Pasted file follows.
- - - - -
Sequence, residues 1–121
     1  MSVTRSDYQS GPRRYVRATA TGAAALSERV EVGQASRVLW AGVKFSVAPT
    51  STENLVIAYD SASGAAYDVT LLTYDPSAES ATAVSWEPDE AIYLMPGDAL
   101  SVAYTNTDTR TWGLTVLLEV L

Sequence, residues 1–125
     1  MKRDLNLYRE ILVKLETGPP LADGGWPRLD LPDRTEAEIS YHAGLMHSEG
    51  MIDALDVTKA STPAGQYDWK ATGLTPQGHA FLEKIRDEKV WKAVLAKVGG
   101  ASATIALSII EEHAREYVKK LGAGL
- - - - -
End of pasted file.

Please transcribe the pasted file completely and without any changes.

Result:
Sequence, residues 1–121
     1  MSVTRSDYQS GPRRYVRATA TGAAALSERV EVGQASRVLW AGVKFSVAPT
    51  STENLVIAYD SASGAAYDVT LLTYDPSAES ATAVSWEPDE AIYLMPGDAL
   101  SVAYTNTDTR TWGLTVLLEV L

Sequence, residues 1–125
     1  MKRDLNLYRE ILVKLETGPP LADGGWPRLD LPDRTEAEIS YHAGLMHSEG
    51  MIDALDVTKA STPAGQYDWK ATGLTPQGHA FLEKIRDEKV WKAVLAKVGG
   101  ASATIALSII EEHAREYVKK LGAGL